Why a Writer Needs Relationships

by DiAnn Mills

Writers spend hours perfecting their manuscripts. The time, sweat, and tears that go into a remarkable writing project can’t be measured when our ability to create is always working. We live and breathe the words filling our mind and transfer them onto the page.

Some say writing is an isolated profession, and the process appears solitary until we consider what all we need to be successful. Take a look at the following 7 reasons writing is a “we” project and not an “I” endeavor.

  1. Cheerleaders

A writer may dream of putting words on paper. Even forge ahead in secret. But she may never reveal her desire and passion for writerly expression because of the fear of rejection.

We all need cheerleader relationships, the person or persons whom we trust to share our hearts. A cheerleader encourages and gives us pep-talks that spur us on and keep us accountable. Look around for a family member or friend who loves you unconditionally to fill this critical role.

  1. Critique Partners

We need other eyes to examine our work to see what we’ve missed to perfect the project. Finding the right critique group involves attending a few meetings and listening to what is being said. Some critique groups meet online, and others prefer face-to-face. Are the members respectful, courteous, offer suggestions that enhance the writing? Do they balance their comments in what is good and what might be an improvement? Be prepared to reciprocate with the same feedback.

And remember dear writer, a critique partner is not your mom who loves you no matter what you write.

  1. Editors

Determined writers seek editor relationships. Our writing projects need polishing. The manuscript may have gone through the test of critiques, and you may believe it’s ready to submit to an agent or publishing house but pause before hitting Send. We want to offer our best, which often means reaching out to an editor for professional feedback. Understand anyone can claim to be an editor, even slap it onto a website, so beware. A savvy writer looks for recommendations and investigates writers who have hired a good editor in the past. Most editors specialize in content, grammar, line, and/or substantive edits. Spend time with the potential person to see if this is the right fit for you. Examine the costs to ensure you’re receiving the quality you deserve.

  1. Agent

An agent is a valuable asset for any writer who is interested in working with a traditional publishing house. This is another opportunity for the writer to request recommendations, interview the potential agent, and decide if he/she is a good fit. An author/agent relationship is one of the most powerful tools in the publishing industry.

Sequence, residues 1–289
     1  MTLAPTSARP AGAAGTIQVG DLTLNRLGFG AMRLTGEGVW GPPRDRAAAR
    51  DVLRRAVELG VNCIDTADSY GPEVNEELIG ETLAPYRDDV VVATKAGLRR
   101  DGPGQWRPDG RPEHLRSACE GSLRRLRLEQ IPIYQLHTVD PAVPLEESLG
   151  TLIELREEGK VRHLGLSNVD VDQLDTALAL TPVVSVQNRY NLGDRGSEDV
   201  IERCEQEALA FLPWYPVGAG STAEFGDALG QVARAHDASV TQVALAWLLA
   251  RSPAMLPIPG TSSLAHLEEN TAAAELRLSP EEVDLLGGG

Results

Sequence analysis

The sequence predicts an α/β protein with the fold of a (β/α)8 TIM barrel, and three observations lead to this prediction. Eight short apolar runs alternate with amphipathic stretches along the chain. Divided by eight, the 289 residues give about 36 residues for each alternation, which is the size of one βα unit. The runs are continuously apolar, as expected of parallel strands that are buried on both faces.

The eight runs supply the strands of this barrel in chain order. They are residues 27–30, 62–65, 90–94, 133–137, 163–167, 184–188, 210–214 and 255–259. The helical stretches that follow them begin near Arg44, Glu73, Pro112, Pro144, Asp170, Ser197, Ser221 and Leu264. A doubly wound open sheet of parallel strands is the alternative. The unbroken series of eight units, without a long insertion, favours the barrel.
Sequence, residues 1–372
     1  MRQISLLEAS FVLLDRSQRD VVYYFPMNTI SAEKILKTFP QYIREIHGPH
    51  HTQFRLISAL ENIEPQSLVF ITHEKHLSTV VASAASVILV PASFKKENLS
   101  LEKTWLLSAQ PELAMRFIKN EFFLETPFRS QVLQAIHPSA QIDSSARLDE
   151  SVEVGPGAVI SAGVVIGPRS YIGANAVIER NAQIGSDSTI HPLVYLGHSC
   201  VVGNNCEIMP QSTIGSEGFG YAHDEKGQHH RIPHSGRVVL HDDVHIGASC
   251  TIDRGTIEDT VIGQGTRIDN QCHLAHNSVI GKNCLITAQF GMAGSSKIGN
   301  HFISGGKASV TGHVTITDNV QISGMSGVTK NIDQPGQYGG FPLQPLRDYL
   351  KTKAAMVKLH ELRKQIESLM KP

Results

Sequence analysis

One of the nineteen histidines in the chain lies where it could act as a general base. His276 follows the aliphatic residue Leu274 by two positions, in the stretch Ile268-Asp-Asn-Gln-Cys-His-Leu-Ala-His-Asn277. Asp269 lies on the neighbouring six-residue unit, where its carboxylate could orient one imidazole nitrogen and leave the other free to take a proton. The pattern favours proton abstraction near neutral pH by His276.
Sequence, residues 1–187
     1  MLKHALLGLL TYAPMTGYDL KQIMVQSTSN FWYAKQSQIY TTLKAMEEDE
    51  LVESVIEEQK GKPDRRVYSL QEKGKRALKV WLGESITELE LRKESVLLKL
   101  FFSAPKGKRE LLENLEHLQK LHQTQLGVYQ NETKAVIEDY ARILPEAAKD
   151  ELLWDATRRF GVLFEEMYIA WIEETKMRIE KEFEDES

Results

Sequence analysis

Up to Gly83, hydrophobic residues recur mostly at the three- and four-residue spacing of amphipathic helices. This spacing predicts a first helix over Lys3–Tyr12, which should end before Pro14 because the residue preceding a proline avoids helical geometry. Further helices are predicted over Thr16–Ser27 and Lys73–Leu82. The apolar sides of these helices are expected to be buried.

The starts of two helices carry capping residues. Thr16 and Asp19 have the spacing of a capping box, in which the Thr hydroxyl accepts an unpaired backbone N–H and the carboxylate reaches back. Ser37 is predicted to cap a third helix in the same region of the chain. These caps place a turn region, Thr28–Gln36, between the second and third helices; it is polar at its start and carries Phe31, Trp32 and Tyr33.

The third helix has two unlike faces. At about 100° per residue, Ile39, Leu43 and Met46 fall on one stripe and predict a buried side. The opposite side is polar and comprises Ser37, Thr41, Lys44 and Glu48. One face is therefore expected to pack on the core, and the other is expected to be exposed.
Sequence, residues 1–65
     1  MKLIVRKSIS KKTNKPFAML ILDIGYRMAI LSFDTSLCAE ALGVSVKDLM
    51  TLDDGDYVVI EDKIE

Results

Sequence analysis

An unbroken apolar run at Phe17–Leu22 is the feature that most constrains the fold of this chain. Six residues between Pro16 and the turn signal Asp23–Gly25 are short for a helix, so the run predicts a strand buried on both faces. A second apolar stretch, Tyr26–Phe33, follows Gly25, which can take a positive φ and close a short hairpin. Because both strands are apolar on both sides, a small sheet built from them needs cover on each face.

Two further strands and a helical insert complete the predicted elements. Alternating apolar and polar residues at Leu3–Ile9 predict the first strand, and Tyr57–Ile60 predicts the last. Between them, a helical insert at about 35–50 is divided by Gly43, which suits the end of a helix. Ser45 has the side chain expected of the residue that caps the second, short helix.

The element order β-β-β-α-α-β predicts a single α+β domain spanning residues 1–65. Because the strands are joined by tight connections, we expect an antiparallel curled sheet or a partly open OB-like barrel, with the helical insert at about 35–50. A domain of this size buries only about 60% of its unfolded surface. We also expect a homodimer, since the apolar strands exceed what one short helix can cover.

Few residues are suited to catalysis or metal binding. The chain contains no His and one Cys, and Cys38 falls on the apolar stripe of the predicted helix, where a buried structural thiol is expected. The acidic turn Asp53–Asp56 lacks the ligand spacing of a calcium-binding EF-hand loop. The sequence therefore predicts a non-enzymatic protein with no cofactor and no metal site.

1. Marketing and Promotion Experts

Launching a book successfully means the writer needs experts to advise him/her on the best means to brand, market, and promote the book.

For a traditionally published book, marketing and promotion experts are usually in-house. These relationships are an opportunity for all to work together to prevent overlapping. But the writer needs to learn these skills too.

If a book is being independently published, seek professionals in this field to enhance the best process to introduce your project to the world.

  1. Dream Team

I refer to my street team as a Dream Team. These wonderful people are my year around friends. My suggestion is to touch base with your team weekly online. I use a weekly email. When book launch time approaches, a quality Dream Team assists the writing by promoting a book in his/her community of influence. To assist this team to be the most effective, the writer creates Facebook posts, Tweets, memes, book reviews, book cover—whatever is needed. Many writers offer contests or random drawings as perks for their team.

  1. Readers

Writers create for their readers. We want to present them with quality fiction or nonfiction that meets their expectations. Through social media, we are able to establish lasting relationships. Let your readers know they are appreciated.

In summary, writers who understand the value of developing relationships that are personal and professional will reach their goals. What are some ways you have maintained relationships within your writing community?

If you’d like to be entered in a book giveaway for Burden of Proof, be sure to comment!

About the author…

DiAnn Mills is a bestselling author who believes her readers should expect an adventure. She creates action-packed, suspense-filled novels to thrill readers. Her titles have appeared on the CBA and ECPA bestseller lists; won two Christy Awards; and been finalists for the RITA, Daphne Du Maurier, Inspirational Readers’ Choice, and Carol award contests.

She is co-director of the Blue Ridge Mountains Christian Writer’s Conference and Mountainside Marketing Conference. Connect with DiAnn here: DiAnnMills.com  Instagram Goodreads

[Editor’s Note: I think Burden of Proof is one of DiAnn Mills’ best novels ever. The tension, the characters, the stakes, the story take a grip on your heart and never let go.]

Share This Post
Share on facebook
Share on twitter
Share on linkedin
Share on pinterest
Share on email

5 thoughts on “Why a Writer Needs Relationships”

  1. Pingback: Writing and the Principles of Sowing and Reaping | Authors Community

  2. SOOO so important to have relationships and with fellow writers. We boost each other, we laugh at our tendencies to hermitage, we get inspiration and encouragement.
    Thanks to AC we can do all these things, especially if we’re shut in or live far from anyone except via internet.
    Thanks for flagging up so many benefits to connecting.

Leave a Comment

You might also enjoy

Want help building your readership?

Sign up for a FREE 30 minute video consult with Tom Blubaugh, Readership Building Coach